Testimony: West Mifflin school chief helped man with murder charge get security job
Embattled West Mifflin Area School District Superintendent Daniel Castagna came under more fire Wednesday night when testimony during a removal hearing revealed he helped a man with a murder charge get a job in school security.
The law allows for superintendents and assistant superintendents to have their contracts terminated by a vote of the school board for “neglect of duty, incompetency, intemperance or immorality.”
Witness testimony can be heard during the hearing, known as an Act 1080 hearing, according to attorney Steven Toprani, who is representing the school district.
He said the school board “basically sits as a court” and can consider evidence.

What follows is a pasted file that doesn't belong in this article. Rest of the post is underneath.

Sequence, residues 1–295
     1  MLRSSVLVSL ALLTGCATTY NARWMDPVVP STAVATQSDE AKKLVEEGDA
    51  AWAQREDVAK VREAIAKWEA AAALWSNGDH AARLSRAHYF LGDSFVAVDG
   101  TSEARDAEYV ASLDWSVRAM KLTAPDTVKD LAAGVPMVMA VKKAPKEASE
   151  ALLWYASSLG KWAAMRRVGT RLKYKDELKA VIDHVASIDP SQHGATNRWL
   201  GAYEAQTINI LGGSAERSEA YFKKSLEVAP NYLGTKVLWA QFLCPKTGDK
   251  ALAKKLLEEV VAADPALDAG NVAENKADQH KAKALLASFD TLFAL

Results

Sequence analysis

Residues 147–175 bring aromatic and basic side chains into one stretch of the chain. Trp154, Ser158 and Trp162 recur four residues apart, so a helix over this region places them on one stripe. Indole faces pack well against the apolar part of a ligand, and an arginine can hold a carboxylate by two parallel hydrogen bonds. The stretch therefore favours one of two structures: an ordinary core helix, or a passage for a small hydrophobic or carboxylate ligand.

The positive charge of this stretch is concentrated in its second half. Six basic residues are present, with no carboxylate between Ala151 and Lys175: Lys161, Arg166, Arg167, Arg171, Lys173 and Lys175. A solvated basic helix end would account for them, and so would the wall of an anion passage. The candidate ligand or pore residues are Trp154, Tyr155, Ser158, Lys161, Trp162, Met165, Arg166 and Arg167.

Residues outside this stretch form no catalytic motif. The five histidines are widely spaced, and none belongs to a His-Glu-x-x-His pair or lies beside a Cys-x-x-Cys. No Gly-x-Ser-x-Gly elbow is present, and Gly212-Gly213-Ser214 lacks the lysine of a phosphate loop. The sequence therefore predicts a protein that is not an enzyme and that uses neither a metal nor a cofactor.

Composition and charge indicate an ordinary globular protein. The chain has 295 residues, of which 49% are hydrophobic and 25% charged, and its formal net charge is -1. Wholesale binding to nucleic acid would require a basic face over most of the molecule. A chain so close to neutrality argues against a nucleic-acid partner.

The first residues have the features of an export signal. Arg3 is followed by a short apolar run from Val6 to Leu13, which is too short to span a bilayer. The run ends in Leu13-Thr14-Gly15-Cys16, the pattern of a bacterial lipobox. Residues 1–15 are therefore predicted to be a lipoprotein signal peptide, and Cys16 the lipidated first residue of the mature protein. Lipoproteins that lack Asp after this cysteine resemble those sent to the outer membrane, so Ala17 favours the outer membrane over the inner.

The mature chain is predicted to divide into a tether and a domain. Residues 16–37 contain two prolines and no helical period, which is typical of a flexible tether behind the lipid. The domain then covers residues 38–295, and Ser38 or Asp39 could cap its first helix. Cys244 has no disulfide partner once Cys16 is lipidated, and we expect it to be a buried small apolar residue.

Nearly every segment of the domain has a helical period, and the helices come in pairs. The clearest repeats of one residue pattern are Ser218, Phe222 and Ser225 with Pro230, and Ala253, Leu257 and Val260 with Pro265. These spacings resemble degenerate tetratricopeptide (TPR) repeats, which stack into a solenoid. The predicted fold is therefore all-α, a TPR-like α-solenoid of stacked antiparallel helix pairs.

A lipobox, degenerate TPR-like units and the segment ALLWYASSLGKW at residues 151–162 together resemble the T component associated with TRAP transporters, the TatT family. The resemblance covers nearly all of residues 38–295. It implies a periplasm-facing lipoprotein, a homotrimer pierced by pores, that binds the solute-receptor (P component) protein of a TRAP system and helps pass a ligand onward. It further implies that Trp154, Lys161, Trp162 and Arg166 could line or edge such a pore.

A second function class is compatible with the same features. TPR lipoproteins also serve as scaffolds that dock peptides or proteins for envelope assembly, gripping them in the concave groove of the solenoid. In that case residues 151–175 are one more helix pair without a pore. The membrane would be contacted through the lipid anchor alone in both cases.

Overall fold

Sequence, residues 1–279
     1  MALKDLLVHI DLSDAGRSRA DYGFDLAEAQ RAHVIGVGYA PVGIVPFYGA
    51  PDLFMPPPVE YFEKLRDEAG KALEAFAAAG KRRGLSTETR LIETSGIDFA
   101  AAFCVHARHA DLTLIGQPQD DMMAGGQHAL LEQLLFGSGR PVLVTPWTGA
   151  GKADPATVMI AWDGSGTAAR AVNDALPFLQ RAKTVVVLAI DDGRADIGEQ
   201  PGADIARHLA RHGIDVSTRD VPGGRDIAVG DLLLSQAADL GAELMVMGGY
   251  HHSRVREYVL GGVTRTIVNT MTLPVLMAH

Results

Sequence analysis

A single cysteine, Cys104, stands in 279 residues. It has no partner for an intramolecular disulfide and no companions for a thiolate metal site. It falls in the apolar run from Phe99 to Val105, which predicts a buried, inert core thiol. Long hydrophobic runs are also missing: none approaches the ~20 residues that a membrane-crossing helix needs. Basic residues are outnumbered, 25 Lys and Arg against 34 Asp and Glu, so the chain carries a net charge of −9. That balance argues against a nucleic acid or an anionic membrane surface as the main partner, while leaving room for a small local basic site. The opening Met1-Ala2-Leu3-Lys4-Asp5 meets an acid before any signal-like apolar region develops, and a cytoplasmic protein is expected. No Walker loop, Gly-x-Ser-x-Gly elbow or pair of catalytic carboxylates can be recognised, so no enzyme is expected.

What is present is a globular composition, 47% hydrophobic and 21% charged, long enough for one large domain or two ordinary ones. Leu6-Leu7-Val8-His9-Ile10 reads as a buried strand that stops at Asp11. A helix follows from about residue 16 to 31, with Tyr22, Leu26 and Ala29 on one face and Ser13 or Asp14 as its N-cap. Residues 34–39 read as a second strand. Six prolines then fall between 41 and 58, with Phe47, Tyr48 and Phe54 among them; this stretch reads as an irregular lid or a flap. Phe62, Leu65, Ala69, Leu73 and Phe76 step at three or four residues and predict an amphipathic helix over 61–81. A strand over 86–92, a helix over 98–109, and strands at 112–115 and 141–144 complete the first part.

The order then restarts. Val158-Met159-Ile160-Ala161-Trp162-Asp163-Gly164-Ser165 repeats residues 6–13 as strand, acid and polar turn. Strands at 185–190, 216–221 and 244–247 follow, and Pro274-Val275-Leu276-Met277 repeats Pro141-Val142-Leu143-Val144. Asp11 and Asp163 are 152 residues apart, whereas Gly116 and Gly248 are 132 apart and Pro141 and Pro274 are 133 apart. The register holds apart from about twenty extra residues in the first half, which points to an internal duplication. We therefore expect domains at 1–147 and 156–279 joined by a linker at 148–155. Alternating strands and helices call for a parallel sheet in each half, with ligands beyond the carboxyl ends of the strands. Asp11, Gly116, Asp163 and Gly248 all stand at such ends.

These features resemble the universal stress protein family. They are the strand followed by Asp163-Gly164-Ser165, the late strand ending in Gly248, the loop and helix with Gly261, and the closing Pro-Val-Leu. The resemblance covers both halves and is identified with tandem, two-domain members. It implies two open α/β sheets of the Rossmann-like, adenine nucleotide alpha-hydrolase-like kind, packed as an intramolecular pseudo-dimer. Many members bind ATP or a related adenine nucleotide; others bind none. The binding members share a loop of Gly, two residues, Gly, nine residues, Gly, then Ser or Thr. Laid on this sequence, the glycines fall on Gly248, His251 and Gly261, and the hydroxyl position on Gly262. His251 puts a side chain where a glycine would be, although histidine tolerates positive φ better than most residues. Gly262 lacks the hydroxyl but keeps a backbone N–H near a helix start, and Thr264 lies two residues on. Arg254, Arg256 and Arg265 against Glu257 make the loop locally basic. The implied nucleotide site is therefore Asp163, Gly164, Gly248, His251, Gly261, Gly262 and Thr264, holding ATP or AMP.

During the hearing, several district employees testified that Castagna in 2014 asked the district’s contracted security company to hire his friend.
He was fired days later when a background check showed that he’d previously been charged with murder, according to Tribune-Review news partner WPXI-TV.
Castagna has worked for the district since 2007 and served as superintendent since 2011. He was charged in September in Beaver County with driving under the influence and traffic violations. He began a two-week medical leave Jan. 10, and the school board voted Jan. 19 to place him on paid leave.
On July 2, the board voted to place him on unpaid leave. Castagna has since filed a federal lawsuit alleging retaliation and discrimination. The suit names the district and six board members, and it claims the decision to place him on unpaid leave was politically motivated.